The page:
- Daring to Dream
- Holding the Dream
- Finding the Dream
One of the things I love about Nora Roberts is her tendency to write series that focus on a group of friends or siblings. I love watching the relationships grow over time, and seeing the already-happy couples from earlier stories in the background. This mid-90s series was a solid read in that respect, but not my favorite.
The series begins with Daring to Dream, and a prologue sets the stage for the entire series. Like most of Roberts’s stories, at least one character has to be obscenely rich, and Laura Templeton is that character for this series. Her parents own a hotel dynasty. Laura’s cousin, Kate, was orphaned as a child and has lived with the Templetons ever since. The final member of the trio is the heroine of the first book, Margo, whose mother was the housekeeper at Templeton House, where the girls grew up.
The first book is almost as much about Margo growing as a person and developing/healing her relationship with her mother as it is about the romance between her and Laura’s brother, Josh. She runs away as soon as she can and becomes a world-famous model. When the main story starts, though, the man she was dating was embroiled in a huge scandal, which as spilled over into Margo’s career. She returns home, completely broke, and not sure what she wants to do. I honestly loved Margo and Josh together. Josh pushed Margo in just the right ways, and their relationship felt like it was going to be good for the long haul. During the course of the book, Margo ends up opening a store with the help of, of course, Kate and Laura. The rest of the series somewhat centers around this new business that the women have founded together.
In Holding the Dream, Kate is on the fast track to becoming a partner at the prestigious accounting firm where she works. She has always loved numbers and is passionate about accounting (I know, right?), and is devastated when its discovered that someone has been embezzling client money – and the signs point to Kate. Put on a leave of absence, Kate has time to think about her life and where she’s headed, and, of course, find some romance. My main frustration with this one was that it was obvious in pretty much the first chapter who the actual “bad guy” was, to the point that it seemed absurd that Kate didn’t realize it, too. I also didn’t like the love interest as well in this one – he was borderline manipulative with his ways of getting to know Kate and getting her to be interested in a relationship with him. Still, a perfectly decent story, even if it was my least-favorite of the three.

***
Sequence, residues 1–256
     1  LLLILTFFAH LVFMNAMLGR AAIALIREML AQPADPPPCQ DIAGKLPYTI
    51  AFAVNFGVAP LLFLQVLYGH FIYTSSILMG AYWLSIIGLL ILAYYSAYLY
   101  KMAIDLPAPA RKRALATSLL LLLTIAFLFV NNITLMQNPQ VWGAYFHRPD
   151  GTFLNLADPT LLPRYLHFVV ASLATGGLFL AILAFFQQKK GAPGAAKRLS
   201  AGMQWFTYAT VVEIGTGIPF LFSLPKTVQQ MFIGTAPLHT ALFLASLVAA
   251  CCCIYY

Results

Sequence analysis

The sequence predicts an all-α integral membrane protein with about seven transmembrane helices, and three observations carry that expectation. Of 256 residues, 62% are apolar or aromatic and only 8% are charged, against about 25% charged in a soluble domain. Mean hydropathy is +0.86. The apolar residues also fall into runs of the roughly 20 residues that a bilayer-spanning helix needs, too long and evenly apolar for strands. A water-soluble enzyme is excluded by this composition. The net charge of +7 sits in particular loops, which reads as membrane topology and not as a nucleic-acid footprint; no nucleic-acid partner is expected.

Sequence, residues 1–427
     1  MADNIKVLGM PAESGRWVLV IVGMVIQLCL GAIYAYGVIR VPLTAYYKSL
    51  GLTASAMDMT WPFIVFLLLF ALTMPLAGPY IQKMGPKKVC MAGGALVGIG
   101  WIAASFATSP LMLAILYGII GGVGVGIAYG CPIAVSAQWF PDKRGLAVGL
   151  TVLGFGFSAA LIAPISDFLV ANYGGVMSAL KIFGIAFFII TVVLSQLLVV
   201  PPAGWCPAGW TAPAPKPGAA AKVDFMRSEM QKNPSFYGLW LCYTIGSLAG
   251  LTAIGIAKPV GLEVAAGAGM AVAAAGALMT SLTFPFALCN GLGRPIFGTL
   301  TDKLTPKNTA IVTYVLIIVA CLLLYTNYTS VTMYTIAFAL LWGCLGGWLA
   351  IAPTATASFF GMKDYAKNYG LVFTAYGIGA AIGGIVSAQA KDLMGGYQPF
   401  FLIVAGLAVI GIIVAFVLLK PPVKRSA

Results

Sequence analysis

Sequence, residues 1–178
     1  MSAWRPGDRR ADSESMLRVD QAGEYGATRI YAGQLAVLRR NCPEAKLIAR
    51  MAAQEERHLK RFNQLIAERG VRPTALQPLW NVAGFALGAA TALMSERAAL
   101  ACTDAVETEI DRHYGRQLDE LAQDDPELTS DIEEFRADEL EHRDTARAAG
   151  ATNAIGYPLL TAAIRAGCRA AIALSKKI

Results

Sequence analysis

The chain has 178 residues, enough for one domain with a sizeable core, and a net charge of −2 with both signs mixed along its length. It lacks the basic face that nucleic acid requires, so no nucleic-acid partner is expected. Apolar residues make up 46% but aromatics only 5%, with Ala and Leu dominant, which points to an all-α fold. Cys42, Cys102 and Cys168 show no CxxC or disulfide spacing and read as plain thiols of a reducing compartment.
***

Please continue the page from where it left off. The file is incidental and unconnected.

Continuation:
The final book, and my favorite, was about Laura. In the first book, Laura is getting a divorce from her husband. Married just after her 18th birthday, a decade of misery and infidelity on his part has passed. The mother of two daughters, Laura is determined to make it on her own, despite the fact that her ex-husband absconded with all of their joint money. Refusing to touch the family vault, Laura is working at her family’s hotel as well as in the store the women have opened, all while trying to balance being a mother and keeping her household together. Laura was a very likable and relatable character, despite her background of wealth and privilege, and I really liked her. I also loved her love interest – Roberts really writes “rough around the edges but actually really good guys” super well haha My biggest issue with this one was that everyone – literally everyone – acted like it was soooooo ridiculous that Laura had only ever had sex with her husband, like that made her kind of broken and repressed. It got old after a while. Not everyone goes around having sex with all kinds of people, and I’m tired of being told that that means I have a problem.
On the whole though this was a fun and relaxing series. Definitely not my favorite of Roberts writing, but perfectly enjoyable as one-off reads.
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